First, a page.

The problem is basically in the way Inkscape is deciding to split your image into color regions: instead of simply having the lighter colors overlap the darker ones (or vice versa), you're ending up with two adjacent color areas that both overlap a third color.
Since the edges don't line up perfectly (due to both tracing inaccuracies, and also some fundamental limitations of anti-aliased vector image rendering), some of that third color ends up showing through the gap, creating the "edge" you're seeing.
Alas, I don't know of any good way to fix this issue. You can get rid of the background colors by unchecking the "stack scans" box, but then you get transparent gaps between all paths, which is generally even worse. Sometimes, it may be possible to obtain acceptable results by tracing the image with "stack scans" unchecked, and then applying a small outset (say, 0.5 px) to all the resulting paths to fill in the gaps, but don't expect this to preserve fine details very well.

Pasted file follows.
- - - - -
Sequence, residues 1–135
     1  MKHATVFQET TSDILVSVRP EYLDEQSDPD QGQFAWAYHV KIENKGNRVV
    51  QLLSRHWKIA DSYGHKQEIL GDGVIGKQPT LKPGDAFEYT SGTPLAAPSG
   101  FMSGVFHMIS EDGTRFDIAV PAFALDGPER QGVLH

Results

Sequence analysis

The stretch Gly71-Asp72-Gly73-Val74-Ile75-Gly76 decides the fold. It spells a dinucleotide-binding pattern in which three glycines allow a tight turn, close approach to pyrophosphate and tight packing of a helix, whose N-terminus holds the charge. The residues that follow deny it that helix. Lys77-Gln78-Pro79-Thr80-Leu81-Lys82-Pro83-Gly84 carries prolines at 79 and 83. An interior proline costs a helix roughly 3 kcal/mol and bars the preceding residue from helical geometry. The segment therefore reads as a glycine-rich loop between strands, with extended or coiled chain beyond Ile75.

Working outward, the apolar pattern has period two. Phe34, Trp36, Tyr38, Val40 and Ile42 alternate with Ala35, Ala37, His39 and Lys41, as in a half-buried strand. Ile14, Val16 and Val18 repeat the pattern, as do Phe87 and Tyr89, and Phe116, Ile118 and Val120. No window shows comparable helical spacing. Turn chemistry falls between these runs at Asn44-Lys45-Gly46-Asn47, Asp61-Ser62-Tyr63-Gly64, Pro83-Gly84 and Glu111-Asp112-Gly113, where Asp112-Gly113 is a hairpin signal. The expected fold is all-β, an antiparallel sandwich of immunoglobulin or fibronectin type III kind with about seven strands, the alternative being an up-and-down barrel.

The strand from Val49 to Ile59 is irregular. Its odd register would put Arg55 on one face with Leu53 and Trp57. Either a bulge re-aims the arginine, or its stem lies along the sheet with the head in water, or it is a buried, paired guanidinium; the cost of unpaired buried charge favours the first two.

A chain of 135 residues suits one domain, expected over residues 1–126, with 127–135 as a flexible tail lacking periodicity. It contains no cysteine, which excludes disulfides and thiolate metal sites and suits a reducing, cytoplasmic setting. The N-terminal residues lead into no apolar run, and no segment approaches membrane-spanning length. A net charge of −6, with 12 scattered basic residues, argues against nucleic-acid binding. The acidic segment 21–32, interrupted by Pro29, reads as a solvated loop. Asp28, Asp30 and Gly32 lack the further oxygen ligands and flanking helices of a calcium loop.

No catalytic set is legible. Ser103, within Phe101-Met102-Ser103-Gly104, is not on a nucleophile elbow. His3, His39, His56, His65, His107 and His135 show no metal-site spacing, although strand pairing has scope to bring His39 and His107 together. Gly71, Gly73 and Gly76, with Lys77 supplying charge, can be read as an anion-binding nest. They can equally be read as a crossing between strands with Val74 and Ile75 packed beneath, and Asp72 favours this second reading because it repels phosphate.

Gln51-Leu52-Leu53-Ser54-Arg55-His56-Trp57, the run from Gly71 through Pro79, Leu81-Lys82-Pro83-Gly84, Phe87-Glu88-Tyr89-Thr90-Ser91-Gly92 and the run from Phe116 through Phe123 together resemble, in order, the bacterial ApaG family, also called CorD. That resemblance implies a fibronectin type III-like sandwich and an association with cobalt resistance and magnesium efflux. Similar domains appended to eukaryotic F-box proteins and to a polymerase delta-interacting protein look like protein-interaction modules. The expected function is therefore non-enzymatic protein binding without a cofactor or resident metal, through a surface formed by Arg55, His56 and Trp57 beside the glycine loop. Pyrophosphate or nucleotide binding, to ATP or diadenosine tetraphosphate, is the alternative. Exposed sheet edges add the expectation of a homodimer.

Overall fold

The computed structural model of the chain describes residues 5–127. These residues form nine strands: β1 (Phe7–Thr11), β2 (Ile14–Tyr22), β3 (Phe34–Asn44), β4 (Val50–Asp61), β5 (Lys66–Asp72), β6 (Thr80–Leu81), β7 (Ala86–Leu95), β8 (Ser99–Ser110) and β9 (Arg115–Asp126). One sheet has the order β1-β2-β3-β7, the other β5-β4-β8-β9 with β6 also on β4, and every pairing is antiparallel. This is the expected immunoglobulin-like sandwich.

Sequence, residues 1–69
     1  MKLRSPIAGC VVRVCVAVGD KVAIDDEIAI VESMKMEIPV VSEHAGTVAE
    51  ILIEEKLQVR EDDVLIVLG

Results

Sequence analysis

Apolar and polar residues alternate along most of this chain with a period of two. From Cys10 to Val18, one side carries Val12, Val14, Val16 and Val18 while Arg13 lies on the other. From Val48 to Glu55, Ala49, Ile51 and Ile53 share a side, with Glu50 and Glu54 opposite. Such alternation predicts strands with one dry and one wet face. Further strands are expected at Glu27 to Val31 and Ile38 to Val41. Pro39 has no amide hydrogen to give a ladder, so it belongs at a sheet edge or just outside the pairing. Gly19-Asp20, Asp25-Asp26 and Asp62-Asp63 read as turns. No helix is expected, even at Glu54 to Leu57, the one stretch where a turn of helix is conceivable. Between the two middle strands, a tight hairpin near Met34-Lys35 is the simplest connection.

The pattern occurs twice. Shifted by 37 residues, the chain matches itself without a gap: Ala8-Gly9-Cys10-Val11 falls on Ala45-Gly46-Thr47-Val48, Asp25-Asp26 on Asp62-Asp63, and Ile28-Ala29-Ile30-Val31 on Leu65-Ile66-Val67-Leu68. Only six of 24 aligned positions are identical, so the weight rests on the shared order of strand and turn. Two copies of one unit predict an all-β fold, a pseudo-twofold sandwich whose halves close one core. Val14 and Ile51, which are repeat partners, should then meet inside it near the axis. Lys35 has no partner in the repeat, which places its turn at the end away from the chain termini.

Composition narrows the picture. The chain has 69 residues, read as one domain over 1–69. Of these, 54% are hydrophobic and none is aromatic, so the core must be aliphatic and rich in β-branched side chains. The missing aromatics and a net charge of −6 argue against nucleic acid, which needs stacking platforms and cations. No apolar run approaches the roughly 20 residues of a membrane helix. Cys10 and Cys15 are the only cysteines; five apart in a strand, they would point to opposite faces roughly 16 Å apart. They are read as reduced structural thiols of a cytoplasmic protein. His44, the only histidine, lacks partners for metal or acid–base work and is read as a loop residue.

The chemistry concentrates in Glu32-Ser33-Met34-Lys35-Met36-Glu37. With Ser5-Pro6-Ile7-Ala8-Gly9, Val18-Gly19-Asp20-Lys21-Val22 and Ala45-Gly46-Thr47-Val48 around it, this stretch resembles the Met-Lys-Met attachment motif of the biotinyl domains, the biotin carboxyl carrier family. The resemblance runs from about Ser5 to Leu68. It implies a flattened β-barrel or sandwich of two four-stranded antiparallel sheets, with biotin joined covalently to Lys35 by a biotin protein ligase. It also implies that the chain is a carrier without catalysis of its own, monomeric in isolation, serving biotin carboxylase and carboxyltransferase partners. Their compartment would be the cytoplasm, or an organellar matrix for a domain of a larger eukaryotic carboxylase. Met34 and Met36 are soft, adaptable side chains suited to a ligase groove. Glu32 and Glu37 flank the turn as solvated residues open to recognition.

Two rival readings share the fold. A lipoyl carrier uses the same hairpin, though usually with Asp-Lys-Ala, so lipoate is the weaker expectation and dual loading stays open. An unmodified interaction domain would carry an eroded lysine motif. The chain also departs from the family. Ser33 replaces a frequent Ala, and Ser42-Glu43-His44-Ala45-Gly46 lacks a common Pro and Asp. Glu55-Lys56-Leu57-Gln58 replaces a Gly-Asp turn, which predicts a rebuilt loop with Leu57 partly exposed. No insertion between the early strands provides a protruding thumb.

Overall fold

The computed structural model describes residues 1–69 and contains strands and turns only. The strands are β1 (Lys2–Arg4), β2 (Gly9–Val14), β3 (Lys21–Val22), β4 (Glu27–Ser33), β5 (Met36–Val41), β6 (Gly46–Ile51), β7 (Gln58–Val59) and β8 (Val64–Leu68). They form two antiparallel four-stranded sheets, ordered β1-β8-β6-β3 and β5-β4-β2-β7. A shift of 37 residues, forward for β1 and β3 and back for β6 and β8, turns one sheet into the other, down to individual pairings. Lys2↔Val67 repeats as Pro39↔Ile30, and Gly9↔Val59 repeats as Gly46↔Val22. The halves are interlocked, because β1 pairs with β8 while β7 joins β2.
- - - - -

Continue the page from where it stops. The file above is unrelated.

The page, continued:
For your specific example image, one possible solution might be to trace it in grayscale (i.e. selecting "Grays" instead of "Colors") and then re-coloring the traced image afterwards; the grayscale tracing mode doesn't seem to suffer from this issue (which I'd really consider a bug, or at least a design flaw, in Inkscape's color bitmap tracing). Of course, this only works well for images that are essentially monochrome, or otherwise have simple and easily recreatable coloring.